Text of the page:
Tuesday, July 5, 2011

Lion Of Babylon by Davis Bunn

Hi Everyone,

Lion of Babylon is a good book. I am particularly happy about how Mr. Davis Bunn frequently managed to give me the same feeling that the old movies with Arabs in them gave me. That was very nice! I haven't heard the word "sayyid" in quite some time. I had not seen it spelled before either, but I recognized it instantly. Effiendi was another word I knew and was glad to see. These little things are big to me, and I really enjoyed them!

Even in the middle of major crisis, in a war torn country, Lion of Babylon has some of the same feel as I loved from the 1940 movies that showed some of this culture. Unlike those movies, there are no magic carpets, but instead real humans struggling with their changing  country.

This book was written with the kindest view towards the peoples of this land. I was extremely impressed at the infusion of culture and the most polite ways of showing Jesus that I have ever read in a Christian book dealing with the Middle-East issues. I think I can easily say that this man has a heart for these people, and it shows in his writing. It showed in the underground churches, and in the day-to-day lives of his main characters. We have brothers and sisters in Christ in lands that are struggling, lands who's people can't openly say I follow Christ as can be done in the USA. The people need our prayers. This book is about them, and a few men from the USA, and government plots, and what we truly hold most dear to our hearts. Lion of Babylon is well worth reading.


This week, the
Christian Fiction Blog Alliance
is introducing
Lion of Babylon
Bethany House (July 1, 2011)
Davis Bunn

Born and raised in North Carolina, Davis left for Europe at age twenty. There he first completed graduate studies in economics and finance, then began a business career that took him to over forty countries in Europe, Africa, the Middle East and Asia.

Davis came to faith at age 28, while living in Germany and running an international business advisory group. He started writing two weeks later. Since that moment, writing has remained both a passion and a calling.

Davis wrote for nine years and completed seven books before his first was accepted for publication. During that time, he continued to work full-time in his business career, travelling to two and sometimes three countries every week. His first published book, The Presence, was released in 1990 and became a national bestseller.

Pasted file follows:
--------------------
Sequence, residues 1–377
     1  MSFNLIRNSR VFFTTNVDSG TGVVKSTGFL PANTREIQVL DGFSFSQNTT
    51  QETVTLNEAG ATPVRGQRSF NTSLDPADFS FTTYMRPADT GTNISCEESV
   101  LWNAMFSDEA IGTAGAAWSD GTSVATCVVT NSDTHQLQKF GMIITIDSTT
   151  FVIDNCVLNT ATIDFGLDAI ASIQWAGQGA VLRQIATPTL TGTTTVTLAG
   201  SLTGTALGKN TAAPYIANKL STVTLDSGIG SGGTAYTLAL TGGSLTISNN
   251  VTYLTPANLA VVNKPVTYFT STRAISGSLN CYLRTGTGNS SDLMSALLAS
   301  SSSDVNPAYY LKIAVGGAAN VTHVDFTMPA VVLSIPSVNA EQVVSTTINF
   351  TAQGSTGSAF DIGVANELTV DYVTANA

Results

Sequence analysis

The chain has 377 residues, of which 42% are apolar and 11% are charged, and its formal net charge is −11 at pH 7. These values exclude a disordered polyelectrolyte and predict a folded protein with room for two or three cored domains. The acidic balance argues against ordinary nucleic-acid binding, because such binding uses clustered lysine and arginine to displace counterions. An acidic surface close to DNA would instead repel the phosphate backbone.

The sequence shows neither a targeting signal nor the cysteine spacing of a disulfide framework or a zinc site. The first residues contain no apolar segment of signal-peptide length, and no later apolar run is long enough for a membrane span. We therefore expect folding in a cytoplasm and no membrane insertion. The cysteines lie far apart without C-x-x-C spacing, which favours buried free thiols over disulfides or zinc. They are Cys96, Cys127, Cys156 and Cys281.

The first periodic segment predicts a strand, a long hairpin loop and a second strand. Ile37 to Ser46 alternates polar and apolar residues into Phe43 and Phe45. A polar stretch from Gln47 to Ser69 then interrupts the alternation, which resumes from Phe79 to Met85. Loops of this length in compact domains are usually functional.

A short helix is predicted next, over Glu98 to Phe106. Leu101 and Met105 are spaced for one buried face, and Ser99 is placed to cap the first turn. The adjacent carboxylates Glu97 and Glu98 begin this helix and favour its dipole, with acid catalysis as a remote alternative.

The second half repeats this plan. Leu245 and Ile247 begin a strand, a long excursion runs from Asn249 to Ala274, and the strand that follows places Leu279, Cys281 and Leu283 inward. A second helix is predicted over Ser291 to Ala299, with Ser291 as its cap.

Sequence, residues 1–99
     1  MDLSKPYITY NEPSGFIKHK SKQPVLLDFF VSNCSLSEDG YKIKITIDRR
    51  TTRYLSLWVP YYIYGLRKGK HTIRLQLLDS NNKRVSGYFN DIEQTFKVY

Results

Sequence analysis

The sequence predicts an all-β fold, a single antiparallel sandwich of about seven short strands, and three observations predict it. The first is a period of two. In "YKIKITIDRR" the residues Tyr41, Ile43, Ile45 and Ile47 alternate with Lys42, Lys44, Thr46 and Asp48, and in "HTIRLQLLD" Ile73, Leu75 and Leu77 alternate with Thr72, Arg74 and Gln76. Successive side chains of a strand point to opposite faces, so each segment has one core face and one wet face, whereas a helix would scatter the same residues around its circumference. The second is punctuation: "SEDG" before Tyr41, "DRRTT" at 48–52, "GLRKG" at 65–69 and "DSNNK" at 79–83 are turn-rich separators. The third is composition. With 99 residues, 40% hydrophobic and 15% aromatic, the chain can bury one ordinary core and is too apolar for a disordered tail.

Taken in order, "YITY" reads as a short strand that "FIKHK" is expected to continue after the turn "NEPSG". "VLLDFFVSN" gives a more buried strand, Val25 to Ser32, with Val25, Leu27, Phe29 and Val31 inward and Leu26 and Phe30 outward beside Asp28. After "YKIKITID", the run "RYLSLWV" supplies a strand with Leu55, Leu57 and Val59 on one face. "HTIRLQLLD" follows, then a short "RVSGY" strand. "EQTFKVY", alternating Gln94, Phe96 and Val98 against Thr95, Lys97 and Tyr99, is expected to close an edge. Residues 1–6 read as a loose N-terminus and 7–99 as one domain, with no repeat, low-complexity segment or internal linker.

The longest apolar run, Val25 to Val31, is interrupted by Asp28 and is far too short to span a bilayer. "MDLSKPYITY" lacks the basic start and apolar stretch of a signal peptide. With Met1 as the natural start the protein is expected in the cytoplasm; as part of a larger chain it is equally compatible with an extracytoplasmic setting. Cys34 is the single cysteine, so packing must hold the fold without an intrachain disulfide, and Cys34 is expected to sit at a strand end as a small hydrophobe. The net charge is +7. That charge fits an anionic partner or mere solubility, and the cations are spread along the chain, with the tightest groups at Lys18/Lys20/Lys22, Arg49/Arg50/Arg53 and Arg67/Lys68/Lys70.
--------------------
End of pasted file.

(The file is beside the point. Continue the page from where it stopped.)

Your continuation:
Honored with three Christy Awards for excellence in historical and suspense fiction, his bestsellers include The Great Divide, Winner Take All, The Meeting Place, The Warning, The Book of Hours, and The Quilt.
A sought-after speaker in the art of writing, Davis serves as Writer In Residence at Regent’s Park College, Oxford University.

Marc Royce works for the State Department on special assignments, most of them rather routine, until two CIA operatives go missing in Iraq--kidnapped by Taliban forces bent on generating chaos in the region. Two others also drop out of sight--a high-placed Iraqi civilian and an American woman providing humanitarian aid. Are the disappearances linked? Rumors circulate in a whirl of misinformation.

Marc must unravel the truth in a covert operation requiring utmost secrecy--from both the Americans and the insurgents. But even more secret than the undercover operation is the underground dialogue taking place between sworn enemies. Will the ultimate Reconciler between ancient enemies, current foes, and fanatical religious factions be heard?

If you would like to read the first chapter of Lion of Babylon, go HERE.

The book link is: http://www.amazon.com/exec/obidos/ASIN/0764209051 


Heather Munn said...

Thanks for this review, sounds really good. I am starting to have a lot of respect for Davis Bunn's work. It's so good to have a Christian author who deals rightly with other people's cultures. I think I'll read this!

Carol E. Keen said...

You are most welcome Heather! Thank you for your comment. I do not believe you will be disappointed. I was very pleasantly surprised over and over at the way Mr. Davis Bunn handled such delicate issues in this book! Once you read it do let me know if you agree!

Carol :)